A Internet radio leader Pandora was ordered Wednesday to pay 21 percent more in royalties to record labels, a modest increase that the company hoped would allow growth.
Industry watchers had been closely watching the US government decision for clues on Internet radio's future, as royalties account for nearly half of Pandora's expenses.
Judges from the Copyright Royalty Board said that Internet broadcasters such as Pandora next year will have to pay 17 cents for every 100 streams of a song on its advertising-backed free tier, up from 14 cents this year.
The rate, however, is well under the 25 cents sought by SoundExchange, the royalty-collection body established by major labels, which argued that digital music has become so mainstream that Pandora no longer needed any helping hand.
In a sign that Pandora was seen as coming out well, its share price soared more than 20 percent in after-hours trading following the decision.
Pandora had wanted the rate to be reduced to 11 cents, but voiced confidence that the decision would still allow investment toward a "thriving and vibrant future for music."
"This is a balanced rate that we can work with and grow from," Brian McAndrews, the California-based company's chief executive officer, said in a statement.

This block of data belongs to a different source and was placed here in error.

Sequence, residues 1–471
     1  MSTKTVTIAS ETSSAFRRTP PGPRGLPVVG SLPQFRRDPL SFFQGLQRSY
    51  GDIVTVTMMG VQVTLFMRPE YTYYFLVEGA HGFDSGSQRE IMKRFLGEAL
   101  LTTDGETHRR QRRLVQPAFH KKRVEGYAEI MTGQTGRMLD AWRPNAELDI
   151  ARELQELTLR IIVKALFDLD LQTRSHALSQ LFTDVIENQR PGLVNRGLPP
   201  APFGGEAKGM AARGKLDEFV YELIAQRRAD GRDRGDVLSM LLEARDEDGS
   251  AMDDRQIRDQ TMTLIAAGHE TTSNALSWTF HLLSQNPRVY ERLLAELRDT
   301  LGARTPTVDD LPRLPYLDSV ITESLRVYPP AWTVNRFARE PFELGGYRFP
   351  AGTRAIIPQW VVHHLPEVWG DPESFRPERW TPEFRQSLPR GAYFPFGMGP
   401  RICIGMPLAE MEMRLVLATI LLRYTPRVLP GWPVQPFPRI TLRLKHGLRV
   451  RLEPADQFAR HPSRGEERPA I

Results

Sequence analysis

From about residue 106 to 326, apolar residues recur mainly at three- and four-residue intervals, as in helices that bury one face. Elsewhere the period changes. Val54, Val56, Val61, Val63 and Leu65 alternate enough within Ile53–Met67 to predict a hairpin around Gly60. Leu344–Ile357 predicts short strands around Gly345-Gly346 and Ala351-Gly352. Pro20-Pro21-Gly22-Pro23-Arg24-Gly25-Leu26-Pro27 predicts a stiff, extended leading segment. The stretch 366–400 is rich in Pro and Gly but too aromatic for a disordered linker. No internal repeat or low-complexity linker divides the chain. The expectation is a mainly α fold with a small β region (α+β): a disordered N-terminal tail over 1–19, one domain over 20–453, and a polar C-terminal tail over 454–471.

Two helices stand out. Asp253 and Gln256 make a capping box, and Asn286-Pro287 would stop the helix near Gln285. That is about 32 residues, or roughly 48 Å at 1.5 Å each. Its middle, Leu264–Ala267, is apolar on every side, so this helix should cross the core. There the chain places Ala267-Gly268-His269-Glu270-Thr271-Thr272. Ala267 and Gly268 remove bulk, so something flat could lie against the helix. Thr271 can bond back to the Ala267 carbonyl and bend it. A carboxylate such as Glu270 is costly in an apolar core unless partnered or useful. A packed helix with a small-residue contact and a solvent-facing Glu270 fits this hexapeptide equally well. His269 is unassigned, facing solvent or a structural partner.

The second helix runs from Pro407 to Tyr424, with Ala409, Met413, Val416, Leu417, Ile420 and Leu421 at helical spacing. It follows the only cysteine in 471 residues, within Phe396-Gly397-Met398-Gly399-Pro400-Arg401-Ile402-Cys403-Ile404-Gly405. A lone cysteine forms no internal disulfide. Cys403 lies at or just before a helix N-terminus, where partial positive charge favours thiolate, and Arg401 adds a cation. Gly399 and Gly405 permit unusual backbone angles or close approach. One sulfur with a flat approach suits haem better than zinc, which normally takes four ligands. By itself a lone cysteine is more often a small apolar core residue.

SoundExchange voiced disappointment, saying its proposed rate was in line with deals reached on the market.
"It's only fair that artists and record labels receive a market price when their music is used," it said in a statement.
"We believe the rates set by the (board) do not reflect a market price for music and will erode the value of music in our economy," it said.
SoundExchange repeated the industry's decades-long complaints that terrestrial-based US radio stations are not required to pay artists anything at all.
US law has considered such radio time to be free advertising for performers, although songwriters receive royalties.
- More investment for Pandora -
The judges also made the decision less momentous by setting the rate only for next year, not through 2020 as had been expected.
The board said it would set rates for subsequent years based on inflation and other factors.
The board slightly lowered to 22 cents per 100 streams the rate of royalties levied on Internet broadcasters' paid, subscription-based tiers, which accounts for a small portion of Pandora's business.
Pandora's exposure to outside-set rates contrasts with rivals such as Spotify and Apple Music that offer on-demand music and negotiate directly with record labels.
Pandora, which lets users select stations reminiscent of traditional radio, remains the largest streaming site in the United States, even though Swedish-based Spotify leads on a global level.
Pandora shares have taken a beating this year on fears for its long-term health, but the company has heartened markets late in the year by looking to diversify.
It recently signed a direct deal with major music publisher Warner/Chappell and bought fledgling on-demand streaming service Rdio.
Rdio, which had tried aggressive promotion strategies before being bought, announced Wednesday that it would cease operations on December 22 as it is incorporated into Pandora.
The radio site this week also unveiled a new function to personalize musical selections automatically for listeners, in line with a popular function on Spotify.
Pandora in October reached a settlement to pay $90 million for royalties of songs recorded before 1972, the date when US sound-recording copyright protections took effect on the national level.